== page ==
Motorcycle fair in Milan
Harley-Davidson has patented a new valve train for the upcoming air-cooled V2.
There will only be simple rocker arms, but valve bridges.
It remains with pushrods, which then sit on both sides of the cylinder.
The valve bridges, controlled by the rocker arm, operate both inlet and outlet valves simultaneously.
Valve bridge construction in detail.
Harley-Davidson Pushrod patent
More speed for the next V2
Harley-Davidson is working on the successor to the Milwaukee Eight. It is air-cooled again, but should be able to withstand significantly more speeds, as a now published patent shows.
HAs a traditional manufacturer, arley-Davidson will hold on to air-cooled V2 as long as possible, even if the Americans already have liquid-cooled DOHC units in the making. A successor to the current Milwaukee Eight is therefore already in development. A now published patent reveals the first details about the revised valve train in the new V2.
Valve bridge and more speed
The new engine also uses an OHV arrangement, four-valve technology and push rods. On the new engine, however, they are no longer both on one engine side, but are distributed on both sides of the cylinder. This means that fork rocker arms are no longer controlled, but only a single rocker arm on the inlet and outlet side. This in turn presses on a valve bridge, which then actuates both valves on the inlet and outlet side. The valve bridges are guided and secured against rotation on a central axis. This construction is not new and is also not considered to be very speed-resistant – with around 4,000 tours, valve actuations such as those found predominantly in truck and boat engines have so far reached the limit. Harley-Davidson, on the other hand, claims to be able to achieve 6,800 to 7,000 rpm. The current Milwaukee Eight currently has 5,500 tours. In the largest expansion stage with a displacement of 1.9 liters, 109 hp and 166 Nm of maximum torque are available.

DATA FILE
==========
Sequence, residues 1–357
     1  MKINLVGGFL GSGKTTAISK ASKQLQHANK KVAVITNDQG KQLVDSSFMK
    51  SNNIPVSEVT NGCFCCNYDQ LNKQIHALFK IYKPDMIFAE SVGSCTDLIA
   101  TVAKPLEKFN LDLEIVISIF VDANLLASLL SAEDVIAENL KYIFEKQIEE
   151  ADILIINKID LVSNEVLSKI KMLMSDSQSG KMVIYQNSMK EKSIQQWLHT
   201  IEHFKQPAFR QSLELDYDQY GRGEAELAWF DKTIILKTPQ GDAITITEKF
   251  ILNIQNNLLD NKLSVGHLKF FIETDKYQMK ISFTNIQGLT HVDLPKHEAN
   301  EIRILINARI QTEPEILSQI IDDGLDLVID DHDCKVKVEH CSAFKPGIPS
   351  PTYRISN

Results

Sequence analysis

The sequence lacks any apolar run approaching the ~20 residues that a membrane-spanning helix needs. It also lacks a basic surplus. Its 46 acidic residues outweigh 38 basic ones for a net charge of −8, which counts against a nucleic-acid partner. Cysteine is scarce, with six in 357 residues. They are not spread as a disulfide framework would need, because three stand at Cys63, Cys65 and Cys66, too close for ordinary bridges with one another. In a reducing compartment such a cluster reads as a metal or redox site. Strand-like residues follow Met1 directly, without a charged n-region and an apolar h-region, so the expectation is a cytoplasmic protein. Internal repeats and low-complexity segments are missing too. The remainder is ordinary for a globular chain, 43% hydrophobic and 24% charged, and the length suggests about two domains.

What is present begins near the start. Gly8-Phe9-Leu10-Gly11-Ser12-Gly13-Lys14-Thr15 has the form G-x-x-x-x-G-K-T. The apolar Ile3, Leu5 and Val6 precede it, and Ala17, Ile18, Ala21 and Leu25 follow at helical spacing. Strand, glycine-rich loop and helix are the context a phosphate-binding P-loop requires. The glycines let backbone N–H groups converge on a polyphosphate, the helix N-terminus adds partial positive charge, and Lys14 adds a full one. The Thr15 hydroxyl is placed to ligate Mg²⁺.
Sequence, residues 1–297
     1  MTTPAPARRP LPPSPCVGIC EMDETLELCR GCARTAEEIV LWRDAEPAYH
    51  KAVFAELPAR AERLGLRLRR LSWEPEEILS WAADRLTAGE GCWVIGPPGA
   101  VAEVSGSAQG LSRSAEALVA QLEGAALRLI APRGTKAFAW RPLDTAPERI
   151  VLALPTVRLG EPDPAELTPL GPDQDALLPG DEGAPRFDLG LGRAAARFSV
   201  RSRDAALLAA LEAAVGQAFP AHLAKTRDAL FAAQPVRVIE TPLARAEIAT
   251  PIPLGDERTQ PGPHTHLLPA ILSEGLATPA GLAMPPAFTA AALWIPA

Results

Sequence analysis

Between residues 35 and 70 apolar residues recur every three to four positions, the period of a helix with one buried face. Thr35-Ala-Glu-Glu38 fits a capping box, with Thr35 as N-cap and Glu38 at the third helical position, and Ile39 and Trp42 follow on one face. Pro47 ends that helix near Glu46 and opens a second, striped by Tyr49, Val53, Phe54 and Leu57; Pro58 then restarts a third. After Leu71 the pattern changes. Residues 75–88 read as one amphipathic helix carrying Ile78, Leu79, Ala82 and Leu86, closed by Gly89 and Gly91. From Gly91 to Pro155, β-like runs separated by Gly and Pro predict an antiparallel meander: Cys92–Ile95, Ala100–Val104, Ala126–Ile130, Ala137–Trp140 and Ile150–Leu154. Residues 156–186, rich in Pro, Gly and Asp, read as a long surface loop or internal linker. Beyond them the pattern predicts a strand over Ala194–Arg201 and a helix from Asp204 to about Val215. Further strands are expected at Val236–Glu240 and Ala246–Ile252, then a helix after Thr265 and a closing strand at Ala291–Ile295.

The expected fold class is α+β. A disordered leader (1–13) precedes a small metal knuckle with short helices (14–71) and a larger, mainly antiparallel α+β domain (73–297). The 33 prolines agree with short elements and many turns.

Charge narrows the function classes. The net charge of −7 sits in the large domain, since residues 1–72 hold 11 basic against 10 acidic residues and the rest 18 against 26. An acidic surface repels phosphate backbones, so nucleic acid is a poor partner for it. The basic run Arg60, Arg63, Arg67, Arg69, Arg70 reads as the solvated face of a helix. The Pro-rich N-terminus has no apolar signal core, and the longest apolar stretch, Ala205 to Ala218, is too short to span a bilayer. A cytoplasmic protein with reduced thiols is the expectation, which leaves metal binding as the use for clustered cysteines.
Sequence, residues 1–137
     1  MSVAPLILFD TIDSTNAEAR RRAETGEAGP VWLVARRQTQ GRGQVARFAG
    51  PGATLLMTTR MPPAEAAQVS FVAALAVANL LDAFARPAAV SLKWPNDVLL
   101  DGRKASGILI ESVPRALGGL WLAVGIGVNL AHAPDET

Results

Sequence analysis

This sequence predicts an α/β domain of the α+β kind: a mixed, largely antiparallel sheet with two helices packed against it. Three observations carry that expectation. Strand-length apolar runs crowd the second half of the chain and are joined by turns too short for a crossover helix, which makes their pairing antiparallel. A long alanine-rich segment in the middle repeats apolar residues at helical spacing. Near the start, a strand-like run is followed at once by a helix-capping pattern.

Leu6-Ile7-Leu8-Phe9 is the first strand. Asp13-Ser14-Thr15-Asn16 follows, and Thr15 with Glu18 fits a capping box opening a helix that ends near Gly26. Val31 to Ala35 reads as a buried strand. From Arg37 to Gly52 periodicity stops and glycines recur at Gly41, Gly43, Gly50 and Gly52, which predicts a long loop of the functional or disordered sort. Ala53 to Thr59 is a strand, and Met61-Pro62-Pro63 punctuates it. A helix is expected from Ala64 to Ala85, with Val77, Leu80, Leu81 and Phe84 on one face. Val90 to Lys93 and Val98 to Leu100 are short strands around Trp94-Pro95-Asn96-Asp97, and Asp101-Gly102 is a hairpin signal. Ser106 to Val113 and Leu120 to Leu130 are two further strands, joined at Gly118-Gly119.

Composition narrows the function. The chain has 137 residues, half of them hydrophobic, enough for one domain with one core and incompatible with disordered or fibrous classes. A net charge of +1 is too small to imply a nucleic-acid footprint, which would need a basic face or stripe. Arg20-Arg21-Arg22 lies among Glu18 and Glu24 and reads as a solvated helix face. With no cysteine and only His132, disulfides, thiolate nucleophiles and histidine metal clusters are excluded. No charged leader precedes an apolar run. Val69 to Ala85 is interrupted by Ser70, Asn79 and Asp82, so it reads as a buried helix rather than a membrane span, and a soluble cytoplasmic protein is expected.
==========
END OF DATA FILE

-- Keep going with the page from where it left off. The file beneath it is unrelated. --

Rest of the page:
And why the effort? Due to the smaller rocker arms, these can be stiffer and lighter, which in turn means less moving mass. In addition, tilting moments on the valve stems can presumably be reduced by the valve bridges. The patent specification itself also shows that easier maintenance is an advantage.
Unfortunately, the patent specification does not reveal any more about the new engine.
The fact that Harley-Davidson wants to stick to air-cooled engines is understandable given the conservative clientele. The fact that the Americans are betting on higher speeds is very surprising.
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